Microsoft has big plans for Bing, and one of those plans is to use the search service's 'entity engine' to link all your favourite apps. If you've got your LinkedIn account already authorised with Bing, for example, searching for someone's name will bring up their LinkedIn data and your association with them. That's just the first step.
TechCrunch sat down with Microsoft's search engine boss Derrick Connell to discuss the future of Bing, not just as a search engine but also as a 'do engine' — enabling its users to use search to directly access their associated apps and services and carry out useful, meaningful tasks. Booking a table through OpenTable after finding a restaurant listing is one example mentioned (that's already possible through both Bing and Google); paying your bills, booking movie tickets and ordering groceries might be next. Tying in your Windows and Windows Phone apps is the future for Bing, as long as Microsoft gets enough big-name contributors on board.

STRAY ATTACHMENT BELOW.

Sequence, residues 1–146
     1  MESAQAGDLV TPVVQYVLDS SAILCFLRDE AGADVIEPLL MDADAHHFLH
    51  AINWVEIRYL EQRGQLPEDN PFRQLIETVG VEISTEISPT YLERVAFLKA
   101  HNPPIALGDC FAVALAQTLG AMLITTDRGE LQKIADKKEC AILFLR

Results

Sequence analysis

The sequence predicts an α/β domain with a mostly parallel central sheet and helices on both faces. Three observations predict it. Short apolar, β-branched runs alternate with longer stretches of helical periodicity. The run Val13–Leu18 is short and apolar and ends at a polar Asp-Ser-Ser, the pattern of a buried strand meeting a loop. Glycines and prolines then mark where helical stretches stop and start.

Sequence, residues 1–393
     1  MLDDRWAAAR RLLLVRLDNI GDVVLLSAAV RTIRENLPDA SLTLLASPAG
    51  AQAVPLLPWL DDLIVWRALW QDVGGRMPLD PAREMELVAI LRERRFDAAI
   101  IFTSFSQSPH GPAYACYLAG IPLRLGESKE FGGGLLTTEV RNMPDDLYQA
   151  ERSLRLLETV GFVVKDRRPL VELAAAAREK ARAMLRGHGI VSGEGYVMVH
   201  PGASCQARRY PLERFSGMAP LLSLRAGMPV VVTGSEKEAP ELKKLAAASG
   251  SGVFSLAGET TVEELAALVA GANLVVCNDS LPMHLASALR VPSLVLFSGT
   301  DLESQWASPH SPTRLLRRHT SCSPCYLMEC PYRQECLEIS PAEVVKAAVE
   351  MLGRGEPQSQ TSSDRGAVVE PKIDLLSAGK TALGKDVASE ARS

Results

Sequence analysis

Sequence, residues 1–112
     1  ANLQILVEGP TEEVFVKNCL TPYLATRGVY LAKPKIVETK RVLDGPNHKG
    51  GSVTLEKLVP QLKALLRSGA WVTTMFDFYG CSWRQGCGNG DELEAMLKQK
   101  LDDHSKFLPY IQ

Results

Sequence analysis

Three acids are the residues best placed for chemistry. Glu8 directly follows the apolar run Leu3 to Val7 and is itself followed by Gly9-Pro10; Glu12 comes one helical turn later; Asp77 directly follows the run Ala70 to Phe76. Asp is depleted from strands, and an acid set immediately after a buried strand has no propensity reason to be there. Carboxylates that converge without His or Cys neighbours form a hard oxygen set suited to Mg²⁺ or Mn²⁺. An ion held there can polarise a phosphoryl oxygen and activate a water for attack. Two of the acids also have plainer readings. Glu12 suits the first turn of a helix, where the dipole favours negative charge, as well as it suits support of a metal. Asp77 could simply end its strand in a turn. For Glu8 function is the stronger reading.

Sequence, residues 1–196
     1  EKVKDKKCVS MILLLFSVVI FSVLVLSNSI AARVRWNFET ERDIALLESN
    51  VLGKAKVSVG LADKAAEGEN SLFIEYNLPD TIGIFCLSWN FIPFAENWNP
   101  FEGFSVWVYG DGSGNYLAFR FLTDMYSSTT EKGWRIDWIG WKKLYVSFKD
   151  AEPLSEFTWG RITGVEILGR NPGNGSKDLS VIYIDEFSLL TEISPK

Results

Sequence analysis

With Windows 8.1, the Xbox One and its other platforms, Microsoft has a huge userbase of Bing users — even if they don't know they're using Bing — that upgrading its entity engine and tied-in apps will benefit. There's a long road ahead in terms of Bing's development and future innovation, but Connell points out that Microsoft's mix of private citizens and big-business enterprises are all set to benefit. Give it a few years and Bing just edge out Google. [TechCrunch]